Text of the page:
Jeremy Corbyn, Islington North MP, has been elected as the Labour party leader following a landslide victory.
The anti- austerity and anti- war MP has promised to lead a Labour “fightback”
Having spent his entire 32-year career in the Commons on the backbenches, Corbyn promised to fight for a more tolerant and inclusive Britain and to tackle the “grotesque levels of inequality in our society”.
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Tom Watson has been elected as the new Deputy Leader.
RT reports: The 66-year-old winner of one of the key races in recent times has been announced in London.
“Can I start by thanking everyone who took part in this democratic election,” Corbyn said in a victory speech, calling the election a “huge democratic exercise” for millions of people.
Corbyn, an admirer of Karl Marx, won 59.5 percent of the ballots cast, or 251,417 votes, in the leadership election, winning in the first round.
#Corbyn wins in all three voting categories. So much for all the hype about ‘infiltration’. pic.twitter.com/XOuV2JcjwV
— Matt Wrack (@MattWrack) September 12, 2015
Corbyn pledged that the Labour party would become “more inclusive, more involved, and more democratic. It will shape the future for everyone,” he said. He added: “Let us be a force for change in the world.” “Poverty does not have to be inevitable. Things can, and they will, change,” he vowed. “The Tories have used the economic crisis of 2008 to impose a terrible burden on the poorest people in this country,” Corbyn told an audience of Labour members and supporters at a conference in London called to announce the leadership results Saturday.
59.5% is now officially the number of hope. Let’s do this! #labourleadership — David Schneider (@davidschneider) September 12, 2015
Given that David Cameron has hinted that he will not run for a third term as prime minister, Corbyn’s rise has put the long race to succeed him as the next potential challenge.
“I am fed up with the social cleansing of London by this Tory government,” he said of Cameron’s Conservatives.
Imagine being Tony Blair, having devoted yourself so publicly & completely to telling your party to defeat Corbyn, then getting this result.
— Glenn Greenwald (@ggreenwald) September 12, 2015
“The speech Jeremy Corbyn made was wonderful,” Neil Clark, a British journalist and writer, told RT.
“It’s a wonderful day for British democracy… Don’t forget, over 400,000 people voted, it’s the biggest party leadership election campaign in our history,” he added.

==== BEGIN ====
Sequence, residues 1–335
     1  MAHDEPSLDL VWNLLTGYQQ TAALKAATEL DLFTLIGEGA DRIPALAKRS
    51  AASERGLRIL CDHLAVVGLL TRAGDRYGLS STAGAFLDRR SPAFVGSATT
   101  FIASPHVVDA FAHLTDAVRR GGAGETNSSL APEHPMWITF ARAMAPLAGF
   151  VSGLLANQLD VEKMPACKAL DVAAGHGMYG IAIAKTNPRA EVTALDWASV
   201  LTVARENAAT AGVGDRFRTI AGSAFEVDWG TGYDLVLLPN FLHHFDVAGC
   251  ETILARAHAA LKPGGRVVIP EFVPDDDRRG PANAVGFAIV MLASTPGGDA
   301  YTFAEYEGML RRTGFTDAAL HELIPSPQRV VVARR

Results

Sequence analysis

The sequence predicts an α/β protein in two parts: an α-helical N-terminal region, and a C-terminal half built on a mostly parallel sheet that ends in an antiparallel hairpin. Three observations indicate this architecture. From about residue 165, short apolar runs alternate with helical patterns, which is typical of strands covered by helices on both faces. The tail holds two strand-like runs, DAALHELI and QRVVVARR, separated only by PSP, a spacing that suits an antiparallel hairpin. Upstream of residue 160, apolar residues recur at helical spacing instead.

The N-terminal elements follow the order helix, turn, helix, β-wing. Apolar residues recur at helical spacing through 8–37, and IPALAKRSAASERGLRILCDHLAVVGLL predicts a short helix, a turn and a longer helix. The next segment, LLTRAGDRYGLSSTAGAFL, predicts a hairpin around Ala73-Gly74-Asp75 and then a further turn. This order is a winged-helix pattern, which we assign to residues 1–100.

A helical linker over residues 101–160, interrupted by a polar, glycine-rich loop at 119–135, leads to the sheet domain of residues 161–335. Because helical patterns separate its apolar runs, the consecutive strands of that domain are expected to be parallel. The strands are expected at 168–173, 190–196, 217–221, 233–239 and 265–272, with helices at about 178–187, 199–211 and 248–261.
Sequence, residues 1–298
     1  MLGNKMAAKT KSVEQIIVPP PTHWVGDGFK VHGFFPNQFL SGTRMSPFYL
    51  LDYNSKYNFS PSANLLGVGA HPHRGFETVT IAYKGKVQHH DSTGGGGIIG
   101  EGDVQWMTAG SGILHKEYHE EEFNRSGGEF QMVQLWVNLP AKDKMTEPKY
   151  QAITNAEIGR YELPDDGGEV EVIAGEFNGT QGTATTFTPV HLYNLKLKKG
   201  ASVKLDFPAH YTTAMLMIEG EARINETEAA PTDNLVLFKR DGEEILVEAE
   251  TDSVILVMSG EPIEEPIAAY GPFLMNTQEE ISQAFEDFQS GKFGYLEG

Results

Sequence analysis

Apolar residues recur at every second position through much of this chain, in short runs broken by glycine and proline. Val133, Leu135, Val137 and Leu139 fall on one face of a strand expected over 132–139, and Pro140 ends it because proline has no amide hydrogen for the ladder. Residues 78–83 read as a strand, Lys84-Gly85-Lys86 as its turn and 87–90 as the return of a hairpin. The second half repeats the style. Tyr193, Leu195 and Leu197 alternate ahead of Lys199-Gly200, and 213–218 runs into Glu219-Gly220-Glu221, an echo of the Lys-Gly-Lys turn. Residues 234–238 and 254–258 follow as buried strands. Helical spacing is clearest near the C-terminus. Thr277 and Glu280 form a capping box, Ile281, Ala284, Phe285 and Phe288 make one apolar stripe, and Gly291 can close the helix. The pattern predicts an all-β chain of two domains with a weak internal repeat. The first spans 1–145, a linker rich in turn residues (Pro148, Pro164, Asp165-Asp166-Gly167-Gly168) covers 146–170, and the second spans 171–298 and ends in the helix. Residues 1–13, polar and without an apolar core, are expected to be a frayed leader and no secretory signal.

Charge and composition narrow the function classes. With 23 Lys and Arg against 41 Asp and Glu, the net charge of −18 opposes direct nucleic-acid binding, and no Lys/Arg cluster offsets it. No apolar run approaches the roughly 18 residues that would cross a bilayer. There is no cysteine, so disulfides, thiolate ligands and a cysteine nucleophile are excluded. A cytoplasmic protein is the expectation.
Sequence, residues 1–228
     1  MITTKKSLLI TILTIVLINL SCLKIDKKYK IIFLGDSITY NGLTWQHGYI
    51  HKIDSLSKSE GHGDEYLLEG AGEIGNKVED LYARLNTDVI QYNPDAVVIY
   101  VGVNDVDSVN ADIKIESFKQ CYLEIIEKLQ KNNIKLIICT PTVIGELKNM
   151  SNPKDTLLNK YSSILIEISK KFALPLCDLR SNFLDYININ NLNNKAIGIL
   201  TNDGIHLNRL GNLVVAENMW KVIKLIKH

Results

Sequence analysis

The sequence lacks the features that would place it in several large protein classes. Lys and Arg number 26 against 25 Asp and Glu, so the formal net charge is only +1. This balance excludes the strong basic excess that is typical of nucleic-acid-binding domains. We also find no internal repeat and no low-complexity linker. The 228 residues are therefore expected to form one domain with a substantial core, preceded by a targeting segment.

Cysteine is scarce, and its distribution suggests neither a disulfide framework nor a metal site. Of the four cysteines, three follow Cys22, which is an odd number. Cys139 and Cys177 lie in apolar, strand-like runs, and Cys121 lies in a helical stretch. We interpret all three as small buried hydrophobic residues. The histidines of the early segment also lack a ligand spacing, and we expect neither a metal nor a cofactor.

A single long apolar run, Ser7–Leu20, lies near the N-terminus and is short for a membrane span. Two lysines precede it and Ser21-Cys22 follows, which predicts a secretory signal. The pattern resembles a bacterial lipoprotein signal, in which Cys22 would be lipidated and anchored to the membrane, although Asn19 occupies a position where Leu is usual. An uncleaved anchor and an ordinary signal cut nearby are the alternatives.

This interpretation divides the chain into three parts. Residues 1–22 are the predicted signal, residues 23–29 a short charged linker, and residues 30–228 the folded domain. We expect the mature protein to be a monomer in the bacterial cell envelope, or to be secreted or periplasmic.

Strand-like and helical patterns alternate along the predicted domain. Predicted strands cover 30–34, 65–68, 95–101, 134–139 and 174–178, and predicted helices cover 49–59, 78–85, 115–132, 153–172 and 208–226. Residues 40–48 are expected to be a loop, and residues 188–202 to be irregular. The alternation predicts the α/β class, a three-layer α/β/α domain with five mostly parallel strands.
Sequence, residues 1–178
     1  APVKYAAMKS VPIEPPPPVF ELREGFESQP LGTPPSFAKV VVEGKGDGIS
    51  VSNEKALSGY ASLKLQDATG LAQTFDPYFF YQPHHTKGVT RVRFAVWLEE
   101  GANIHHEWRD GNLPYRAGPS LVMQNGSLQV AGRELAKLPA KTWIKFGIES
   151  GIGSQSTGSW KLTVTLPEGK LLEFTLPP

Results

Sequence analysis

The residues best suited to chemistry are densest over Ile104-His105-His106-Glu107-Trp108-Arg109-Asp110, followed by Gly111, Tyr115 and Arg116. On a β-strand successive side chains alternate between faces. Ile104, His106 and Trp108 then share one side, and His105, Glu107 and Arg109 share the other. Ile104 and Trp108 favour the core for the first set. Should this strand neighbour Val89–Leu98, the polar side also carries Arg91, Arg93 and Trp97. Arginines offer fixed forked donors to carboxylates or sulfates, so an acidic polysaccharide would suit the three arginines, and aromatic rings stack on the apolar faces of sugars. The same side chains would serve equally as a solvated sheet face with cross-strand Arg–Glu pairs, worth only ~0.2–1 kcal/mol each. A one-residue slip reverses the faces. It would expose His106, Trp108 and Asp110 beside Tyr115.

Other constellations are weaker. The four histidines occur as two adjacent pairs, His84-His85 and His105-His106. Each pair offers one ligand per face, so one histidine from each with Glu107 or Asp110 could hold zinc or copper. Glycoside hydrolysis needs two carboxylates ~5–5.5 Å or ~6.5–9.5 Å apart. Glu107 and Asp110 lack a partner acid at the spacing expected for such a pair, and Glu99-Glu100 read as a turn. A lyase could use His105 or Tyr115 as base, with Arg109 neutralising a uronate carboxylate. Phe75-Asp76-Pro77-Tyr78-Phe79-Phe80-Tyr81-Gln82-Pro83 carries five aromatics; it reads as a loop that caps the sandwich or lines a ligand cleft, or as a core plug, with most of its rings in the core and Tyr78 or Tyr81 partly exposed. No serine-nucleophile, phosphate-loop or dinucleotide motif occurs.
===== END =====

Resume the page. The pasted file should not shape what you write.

“What this campaign showed is a massive disconnect between the establishment elite who told us Corbyn couldn’t win. First they tried to make fun of him, they’ve done it all the way through, they attacked him, it was a terrible smear campaign that went for the last two or three months, trying to link him to extremist people, and it all backfired because he won nearly 60 percent of the vote. I think it tells how out of touch these media gatekeepers are. The British media was overwhelmingly hostile to him. You can count on one hand the number of journalists who actually supported him in the British media,” Clark said.
Many fear that Corbyn’s victory could potentially divide the party, however.
“The Labour party members have spoken. They overwhelmingly – 60 percent – want Jeremy Corbyn to lead the party and take it a very different direction to what Tony Blair wanted them to go which was support for more illegal wars, more austerity, more privatization.”
“It’s up to them to realize that the game is over, really, for their kind of policies,” Clark said, adding that “the ball is right now in the Blairites’ [camp].”
“Are they going to be good sports and accept the results or are they going to try to overthrow Jeremy Corbyn, try to topple him – well, let’s hope that they do accept the result,” he said.
Numerous polls have put the Chippenham-born left-winger ahead of his rivals, Andy Burnham (the shadow health secretary), Yvette Cooper (shadow home secretary) and Liz Kendall (shadow minister for care and older people.)
In the video below Jeremy Corbyn celebrates his election win by singing in a London pub.